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How to Stop a Cat from Spraying

How to Stop a Cat from Spraying

If you have a cat, then you are probably familiar with spraying. While male cats are the most common to spray, it can happen with female cats as well. Sometimes, cat owners will mistake urination for spraying, although they are quite different from one another. Urine spraying is actually a normal way for cats to mark their territory. They aren’t just trying to urinate throughout your home to make you angry, they just want to let other animals know that they have the territory claimed and they do that through scent markings.

If your cat is, however, urinating in the house and leaving behind a puddle of urine when they go, then it could be a sign of a urinary tract infection. This will require prompt veterinary care to ensure that there are no any serious medical concerns that are prompting them to urinate outside of their litter box.

It is most common for male cats that have not been neutered to spray, and it is even more common in houses that have multiple cats. They like to show their dominance. Cats will often times spray curtains, drapes, furniture, carpets and other surfaces throughout your home.

While it is a normal behavior, it does leave behind an odor that can be repulsive. The odor is often difficult to mask, so it is easier to just try to get your cat to stop spraying.

Tips for Getting Your Cat’s Spraying Under Control


If you are trying to get your cat to stop spraying, you are not alone. This is something that many cat owners deal with. Here are a few tips that will help make the process go a little bit smoother for you:

1Make sure that you get your cat spayed or neutered by the time they are 6 months old. About 90% of cats that are fixed before this behavior starts around 6 months of age won’t ever start spraying. Even if they have already started spraying, getting them fixed may help the situation. The longer you wait to fix them, however, the more likely they won’t stop later.

If it becomes a learned behavior, then it may be even harder to get them to stop.

2 Try to make sure that your cat doesn’t see other cats outside. This may mean rearranging furniture so that their view to the outside world is restricted. The truth is, if your cat sees a cat outside, they will be more inclined to mark their territory to let other cats know that it is their home. If you close blinds and move high furniture away from the windows and openings, chances are they won’t see outdoor cats very often. Try putting up a cat tree to let your cat redirect their attention to something else.

3Encourage positive relationships between the cats in your home. In multiple cat homes, it is important for the cats to get along with one another. They won’t be as competitive with one another, and will be far less territorial. This means they are less likely to spray. To encourage a good relationship, play with the cats together and try to not give one more attention than the other. Feed them together and foster a good relationship between them.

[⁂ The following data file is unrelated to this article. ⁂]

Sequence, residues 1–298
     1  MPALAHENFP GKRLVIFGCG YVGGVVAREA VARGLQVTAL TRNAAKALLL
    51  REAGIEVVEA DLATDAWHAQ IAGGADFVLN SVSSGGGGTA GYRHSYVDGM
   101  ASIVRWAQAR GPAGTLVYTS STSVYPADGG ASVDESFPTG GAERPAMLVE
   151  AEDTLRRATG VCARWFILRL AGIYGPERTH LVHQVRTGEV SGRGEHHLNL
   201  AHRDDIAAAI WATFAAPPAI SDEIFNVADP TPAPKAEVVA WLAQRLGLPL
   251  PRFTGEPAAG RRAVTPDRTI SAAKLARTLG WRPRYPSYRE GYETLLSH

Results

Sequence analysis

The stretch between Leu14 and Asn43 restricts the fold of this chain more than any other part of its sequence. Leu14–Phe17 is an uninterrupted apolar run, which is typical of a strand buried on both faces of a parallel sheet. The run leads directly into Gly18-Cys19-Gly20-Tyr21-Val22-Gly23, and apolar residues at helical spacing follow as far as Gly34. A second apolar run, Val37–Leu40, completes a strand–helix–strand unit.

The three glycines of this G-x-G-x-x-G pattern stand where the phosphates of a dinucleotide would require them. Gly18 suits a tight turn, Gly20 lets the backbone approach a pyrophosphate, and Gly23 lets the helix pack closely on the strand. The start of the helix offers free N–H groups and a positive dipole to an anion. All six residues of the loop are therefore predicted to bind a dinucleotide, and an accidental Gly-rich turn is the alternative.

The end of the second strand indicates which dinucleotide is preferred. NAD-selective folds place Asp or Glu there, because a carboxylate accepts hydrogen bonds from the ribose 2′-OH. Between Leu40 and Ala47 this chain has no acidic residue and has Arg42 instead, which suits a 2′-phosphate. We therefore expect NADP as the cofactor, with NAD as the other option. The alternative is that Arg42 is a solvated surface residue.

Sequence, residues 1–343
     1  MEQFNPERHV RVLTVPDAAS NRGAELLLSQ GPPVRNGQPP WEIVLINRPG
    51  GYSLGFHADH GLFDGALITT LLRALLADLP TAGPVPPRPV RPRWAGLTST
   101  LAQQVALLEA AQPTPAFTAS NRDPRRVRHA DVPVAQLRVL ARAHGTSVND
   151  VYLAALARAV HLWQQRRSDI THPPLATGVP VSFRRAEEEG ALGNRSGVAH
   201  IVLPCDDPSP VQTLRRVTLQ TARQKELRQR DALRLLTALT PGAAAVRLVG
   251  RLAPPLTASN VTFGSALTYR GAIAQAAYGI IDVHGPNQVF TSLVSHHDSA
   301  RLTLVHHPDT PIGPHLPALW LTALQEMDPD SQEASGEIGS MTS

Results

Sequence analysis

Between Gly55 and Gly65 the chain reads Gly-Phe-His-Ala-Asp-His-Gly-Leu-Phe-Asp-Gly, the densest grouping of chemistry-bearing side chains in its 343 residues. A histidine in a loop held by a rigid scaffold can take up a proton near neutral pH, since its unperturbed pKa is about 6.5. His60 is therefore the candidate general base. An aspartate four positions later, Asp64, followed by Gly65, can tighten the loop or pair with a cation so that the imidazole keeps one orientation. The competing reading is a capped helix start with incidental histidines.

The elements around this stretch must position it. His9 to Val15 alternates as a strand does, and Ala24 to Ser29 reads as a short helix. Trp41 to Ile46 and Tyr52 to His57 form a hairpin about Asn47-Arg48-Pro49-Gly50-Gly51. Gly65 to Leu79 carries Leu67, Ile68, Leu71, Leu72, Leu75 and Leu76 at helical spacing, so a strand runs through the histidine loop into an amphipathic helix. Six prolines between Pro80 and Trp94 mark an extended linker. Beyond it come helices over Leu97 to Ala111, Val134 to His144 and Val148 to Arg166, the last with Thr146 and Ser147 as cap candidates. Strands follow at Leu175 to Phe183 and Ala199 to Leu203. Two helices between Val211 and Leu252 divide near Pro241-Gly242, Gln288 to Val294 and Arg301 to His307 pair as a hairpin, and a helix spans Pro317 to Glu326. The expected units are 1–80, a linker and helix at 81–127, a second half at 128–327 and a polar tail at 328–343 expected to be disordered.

4Try to stick to a routine. When things don’t go routinely, your cat may be under stress. It is a good idea to keep your cat’s stress level at a minimum. Any type of change in your cat’s environment can be upsetting to them. For instance, if there are new cats brought into the home, or if you rearrange furniture or have guests in the home they may feel more inclined to mark their territory. If you are going to have visitors come over, try to put them in a room alone so that they won’t be upset. You can also look for sprays that help to keep cats calm in stressful situations. Many of these sprays have pheromones in them to discourage stress and anxiety.

5Treat your furniture and other surfaces in your home with a spray that is repulsive to your cat. There are several types of sprays that can be used to keep your pets away. Many of them are just as effective when it comes to keeping them from spraying in certain areas. It works by disrupting their desire to spray in certain areas by repelling them from the area. Sometimes this is effective.

The key is to realize that your cat is, in fact, spraying and is not urinating.

The sooner that you realize that they are spraying, the easier it is for you to stop the behavior. If you catch it early on, the better the chances that they will cease it altogether. You don’t just have to put up with the smells and frustration that come along with spraying. If these tips don’t help to stop your cat’s unwanted behaviors, then it may be time for you to talk to your veterinarian. They will be able to give you further advice when it comes to stopping it. After all, it is something that they deal with quite regularly in their profession.

Do you have a story about cats spraying that you would like to share? We want to hear what worked for you and what didn’t! Comment below to tell us more about your story!


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